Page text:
ESR Paper – Approximate Computing in B5G and 6G Wireless Systems: A Survey and Future Outlook

The growing number of interconnected intelligent devices puts existing wireless networks under immense pressure, demanding their development. As a result, next-generation beyond-5G and 6G systems, denoted by B5G herein, must achieve high efficiency and throughput. A novel strategy to achieve this is to apply AxC to network applications that do not require nine 9s reliability, for example, in non-critical mobile broadband. Examples of approximable applications within a standard 5G network are shown in Fig. 1. Applying AxC is expected to increase energy efficiency with little-to-no quality degradation for users and service providers.

Figure 1 Common resources used to implement a 3GPP-compliant 5G architecture with approximable applications highlighted.

We survey this intersection of AxC and B5G network algorithms, highlighting trends and tendencies in existing work and directions for future research. Our article has a particular emphasis on future technologies, which are yet to be integrated into real-world networks but are envisioned to enable previously unseen performance and efficiency. To improve reproducibility, we systematically survey existing work. The topics covered in the paper and summarized here are shown in Fig. 2.

Figure 2 The main topics covered in the paper and summarized here.

Within the existing network infrastructure, the main application points for AxC are highlighted in Fig. 1. The algorithms are all focused on optimization or management tasks for which there rarely exist optimal solutions as network usage is dynamic. Commonly, papers that address these topics outline a particular use case or scenario and describe it mathematically. Computing a solution for these problems is often NP-hard, so approximations are needed to reduce complexity. Frequently, the proposed algorithms’ performances are measured in terms of network latency, throughput, spectral efficiency, or energy efficiency.

Serving the increasing number of users requires densifying B5G networks to operate at high frequencies. Mitigating issues of signal attenuation arising thereof may be done by employing RISs, which can be programmed to reflect signal beams toward individual users. Alternatively, greater distribution of smaller-scale APs in so-called cell-free networks may be a practical alternative to the cell-based architectures of present-day networks. The dense deployment also enables using the existing network infrastructure for alternative purposes, particularly environmental sensing. So-called ISAC systems combine these features. Finally, as networks are increasingly virtualized, their resources may be sliced to dynamically prioritize certain applications or types of traffic. All these technologies are greatly dependent on optimization and ML algorithms to achieve satisfactory performance and offer vast approximation opportunities. They are illustrated in the survey.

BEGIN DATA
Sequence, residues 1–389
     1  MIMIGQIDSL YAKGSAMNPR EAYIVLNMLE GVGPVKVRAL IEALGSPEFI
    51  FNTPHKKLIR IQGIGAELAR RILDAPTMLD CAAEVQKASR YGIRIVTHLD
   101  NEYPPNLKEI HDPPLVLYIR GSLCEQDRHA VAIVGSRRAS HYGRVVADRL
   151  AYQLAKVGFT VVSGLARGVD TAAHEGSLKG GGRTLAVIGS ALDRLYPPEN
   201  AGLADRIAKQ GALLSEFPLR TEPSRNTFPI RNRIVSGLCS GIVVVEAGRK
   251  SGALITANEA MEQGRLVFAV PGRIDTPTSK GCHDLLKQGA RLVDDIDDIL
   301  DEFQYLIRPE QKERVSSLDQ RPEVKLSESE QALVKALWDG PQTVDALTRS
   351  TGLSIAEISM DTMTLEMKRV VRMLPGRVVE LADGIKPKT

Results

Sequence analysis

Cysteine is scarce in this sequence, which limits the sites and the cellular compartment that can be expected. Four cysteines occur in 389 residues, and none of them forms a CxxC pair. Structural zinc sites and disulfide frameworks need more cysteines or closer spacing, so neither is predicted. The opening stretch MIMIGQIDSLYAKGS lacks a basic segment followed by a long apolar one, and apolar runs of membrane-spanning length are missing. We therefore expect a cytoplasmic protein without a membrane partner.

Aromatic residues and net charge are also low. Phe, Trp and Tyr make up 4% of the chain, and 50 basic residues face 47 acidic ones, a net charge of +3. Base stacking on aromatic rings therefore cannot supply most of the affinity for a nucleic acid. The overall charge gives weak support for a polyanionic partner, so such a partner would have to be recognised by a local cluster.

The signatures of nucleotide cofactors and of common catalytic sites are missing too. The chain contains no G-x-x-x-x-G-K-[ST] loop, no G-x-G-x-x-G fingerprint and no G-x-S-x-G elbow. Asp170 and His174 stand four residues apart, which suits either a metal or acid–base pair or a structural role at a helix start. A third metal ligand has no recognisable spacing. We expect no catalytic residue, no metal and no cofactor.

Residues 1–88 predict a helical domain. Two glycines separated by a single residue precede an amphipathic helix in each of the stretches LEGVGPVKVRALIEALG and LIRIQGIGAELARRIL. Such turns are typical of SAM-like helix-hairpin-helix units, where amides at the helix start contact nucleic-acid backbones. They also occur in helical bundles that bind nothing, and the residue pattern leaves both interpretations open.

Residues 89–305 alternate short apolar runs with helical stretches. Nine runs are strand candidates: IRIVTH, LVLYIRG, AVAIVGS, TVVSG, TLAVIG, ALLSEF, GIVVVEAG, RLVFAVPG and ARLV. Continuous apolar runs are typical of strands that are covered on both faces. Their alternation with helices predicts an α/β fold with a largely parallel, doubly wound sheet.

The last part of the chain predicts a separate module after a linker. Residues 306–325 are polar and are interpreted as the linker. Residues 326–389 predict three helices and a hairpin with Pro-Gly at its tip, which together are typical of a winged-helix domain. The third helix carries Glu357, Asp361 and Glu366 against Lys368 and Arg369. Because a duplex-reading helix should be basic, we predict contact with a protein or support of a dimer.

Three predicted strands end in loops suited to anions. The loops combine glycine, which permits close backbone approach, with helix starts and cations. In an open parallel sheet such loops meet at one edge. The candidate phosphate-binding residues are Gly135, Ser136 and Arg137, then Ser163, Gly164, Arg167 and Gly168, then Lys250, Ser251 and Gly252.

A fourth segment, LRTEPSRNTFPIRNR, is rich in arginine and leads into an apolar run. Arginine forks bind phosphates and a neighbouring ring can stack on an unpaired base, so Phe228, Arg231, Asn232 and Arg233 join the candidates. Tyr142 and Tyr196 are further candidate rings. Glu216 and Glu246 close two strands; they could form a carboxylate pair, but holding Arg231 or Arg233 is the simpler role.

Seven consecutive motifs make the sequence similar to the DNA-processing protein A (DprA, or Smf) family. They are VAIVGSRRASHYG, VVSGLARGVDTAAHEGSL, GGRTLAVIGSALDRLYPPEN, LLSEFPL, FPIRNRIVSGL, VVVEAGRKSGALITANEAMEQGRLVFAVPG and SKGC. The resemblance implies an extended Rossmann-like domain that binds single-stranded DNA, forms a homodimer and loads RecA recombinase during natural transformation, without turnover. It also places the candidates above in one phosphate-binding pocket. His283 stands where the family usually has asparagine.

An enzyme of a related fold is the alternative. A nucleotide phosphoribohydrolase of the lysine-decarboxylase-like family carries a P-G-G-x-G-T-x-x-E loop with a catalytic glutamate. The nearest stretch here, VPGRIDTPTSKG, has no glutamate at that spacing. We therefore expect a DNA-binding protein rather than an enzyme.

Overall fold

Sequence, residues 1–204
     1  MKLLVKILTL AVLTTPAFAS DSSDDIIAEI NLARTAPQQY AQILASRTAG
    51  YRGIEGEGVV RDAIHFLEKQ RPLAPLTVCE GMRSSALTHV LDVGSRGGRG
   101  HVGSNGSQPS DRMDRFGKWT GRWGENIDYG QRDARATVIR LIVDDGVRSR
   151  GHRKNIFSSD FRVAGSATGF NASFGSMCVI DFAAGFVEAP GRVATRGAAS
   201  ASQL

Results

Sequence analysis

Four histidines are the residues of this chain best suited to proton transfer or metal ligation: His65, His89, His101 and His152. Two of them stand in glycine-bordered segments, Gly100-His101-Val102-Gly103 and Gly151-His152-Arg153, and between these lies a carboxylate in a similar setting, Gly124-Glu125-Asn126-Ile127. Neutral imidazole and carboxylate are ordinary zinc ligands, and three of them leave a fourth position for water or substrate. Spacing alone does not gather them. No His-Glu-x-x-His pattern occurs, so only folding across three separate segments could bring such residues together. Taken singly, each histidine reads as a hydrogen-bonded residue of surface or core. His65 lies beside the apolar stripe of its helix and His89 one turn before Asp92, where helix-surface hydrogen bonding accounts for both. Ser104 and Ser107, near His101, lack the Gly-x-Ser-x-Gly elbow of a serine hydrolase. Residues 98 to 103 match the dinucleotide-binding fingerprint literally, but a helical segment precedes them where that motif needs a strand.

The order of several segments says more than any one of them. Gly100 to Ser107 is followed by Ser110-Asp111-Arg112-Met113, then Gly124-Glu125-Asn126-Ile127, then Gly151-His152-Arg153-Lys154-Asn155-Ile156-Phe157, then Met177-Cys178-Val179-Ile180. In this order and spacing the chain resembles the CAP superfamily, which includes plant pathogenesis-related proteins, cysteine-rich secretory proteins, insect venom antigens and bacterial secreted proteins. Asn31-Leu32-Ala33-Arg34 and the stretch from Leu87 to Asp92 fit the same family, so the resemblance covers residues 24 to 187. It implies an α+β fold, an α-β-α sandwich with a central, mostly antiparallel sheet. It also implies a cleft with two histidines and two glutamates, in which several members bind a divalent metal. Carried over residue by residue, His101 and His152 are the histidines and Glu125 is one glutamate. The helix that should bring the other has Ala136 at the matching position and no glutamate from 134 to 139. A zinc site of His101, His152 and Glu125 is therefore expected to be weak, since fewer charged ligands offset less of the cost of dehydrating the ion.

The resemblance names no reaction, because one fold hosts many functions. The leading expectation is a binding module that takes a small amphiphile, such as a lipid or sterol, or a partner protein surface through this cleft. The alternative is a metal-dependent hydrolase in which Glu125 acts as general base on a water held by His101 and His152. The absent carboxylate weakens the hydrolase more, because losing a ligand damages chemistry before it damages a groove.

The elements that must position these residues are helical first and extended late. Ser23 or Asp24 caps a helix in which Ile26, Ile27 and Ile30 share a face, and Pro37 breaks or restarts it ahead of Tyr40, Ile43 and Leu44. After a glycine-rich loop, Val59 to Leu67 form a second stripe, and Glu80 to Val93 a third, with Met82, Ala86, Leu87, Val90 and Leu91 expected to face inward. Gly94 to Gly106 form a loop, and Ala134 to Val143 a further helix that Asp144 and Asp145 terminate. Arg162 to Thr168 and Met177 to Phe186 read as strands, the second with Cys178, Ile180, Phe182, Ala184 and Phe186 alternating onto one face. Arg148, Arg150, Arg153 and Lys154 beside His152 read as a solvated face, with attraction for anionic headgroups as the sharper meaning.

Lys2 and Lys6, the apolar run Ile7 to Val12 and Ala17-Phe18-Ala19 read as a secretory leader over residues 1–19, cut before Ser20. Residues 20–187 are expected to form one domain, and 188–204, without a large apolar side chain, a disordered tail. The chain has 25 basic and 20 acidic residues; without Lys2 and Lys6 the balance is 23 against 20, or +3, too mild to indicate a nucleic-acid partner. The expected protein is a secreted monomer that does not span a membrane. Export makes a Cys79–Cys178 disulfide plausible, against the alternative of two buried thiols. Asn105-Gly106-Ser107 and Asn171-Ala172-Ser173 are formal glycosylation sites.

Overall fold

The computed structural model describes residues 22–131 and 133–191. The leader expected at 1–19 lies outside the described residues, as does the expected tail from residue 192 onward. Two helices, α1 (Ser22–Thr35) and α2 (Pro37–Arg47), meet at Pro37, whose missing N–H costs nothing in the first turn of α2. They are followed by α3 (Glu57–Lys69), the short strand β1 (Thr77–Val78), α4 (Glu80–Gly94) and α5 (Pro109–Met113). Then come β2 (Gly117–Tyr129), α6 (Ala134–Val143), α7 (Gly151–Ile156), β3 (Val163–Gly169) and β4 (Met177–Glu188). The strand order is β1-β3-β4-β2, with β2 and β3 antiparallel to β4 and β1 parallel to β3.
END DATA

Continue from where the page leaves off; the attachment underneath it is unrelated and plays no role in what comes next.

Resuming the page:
Throughout our survey process, we have found that only very few of the selected publications have co-authors from the industry. Moreover, most papers propose algorithms that scale poorly with the network size or number of users. These factors lead us to question whether the algorithms are realistic for real-world deployment. A promising mitigation strategy for these issues, however, is the partitioning of them in the Cloud-Edge continuum. Within this space, critical applications are executed near the users, while non-critical ones are kept in centralized data centers. This enables interesting quality-latency trade-offs, which complement the ones that AxC introduces well.

In addition to exploring the aforementioned trade-offs in more detail and extending existing proposals and their evaluation to more or different use cases, there are plenty of other open research directions. We assign these directions three classes: design space exploration, ML, and AxC in B5G. Within the former two classes, most directions call for reduced-complexity alternatives to established algorithms – popular examples from the survey include successive approximation and RL – and more open data. Within the latter, examples of directions are: 1) exploring hardware- or architecture-level AxC techniques in wireless networks, 2) applying neural approximation in place of other algorithms than the ones highlighted in Fig. 1, and 3) evaluating and identifying benefits and drawbacks of AxC to B5G networks with Cloud-Edge task offloading. In summary, there is plenty of work needed to establish a solid foundation for future B5G networks!

The paper is a joint work between TAU and IS-Wireless. The full text is available at:


  • AP: Access Point
  • AxC: Approximate Computing
  • B5G: Beyond-5G and 6G networks
  • IoT: Internet of Things
  • ISAC: Integrated Sensing and Communication
  • ML: Machine Learning
  • RIS: Reflective Intelligent Surface
  • RL: Reinforcement Learning
  • 3GPP: 3rd Generation Partnership Project